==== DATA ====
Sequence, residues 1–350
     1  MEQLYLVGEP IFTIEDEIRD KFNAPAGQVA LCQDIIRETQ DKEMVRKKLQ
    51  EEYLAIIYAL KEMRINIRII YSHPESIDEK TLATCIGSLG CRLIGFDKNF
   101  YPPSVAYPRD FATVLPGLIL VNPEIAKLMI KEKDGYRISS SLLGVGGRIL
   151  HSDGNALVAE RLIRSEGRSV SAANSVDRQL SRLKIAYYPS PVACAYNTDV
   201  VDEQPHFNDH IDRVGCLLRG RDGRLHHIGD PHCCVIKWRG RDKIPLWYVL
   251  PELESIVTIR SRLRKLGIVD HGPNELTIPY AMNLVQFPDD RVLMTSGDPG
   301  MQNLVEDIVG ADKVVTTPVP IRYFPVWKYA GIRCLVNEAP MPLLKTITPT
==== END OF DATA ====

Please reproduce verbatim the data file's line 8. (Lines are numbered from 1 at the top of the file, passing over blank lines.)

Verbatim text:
   301  MQNLVEDIVG ADKVVTTPVP IRYFPVWKYA GIRCLVNEAP MPLLKTITPT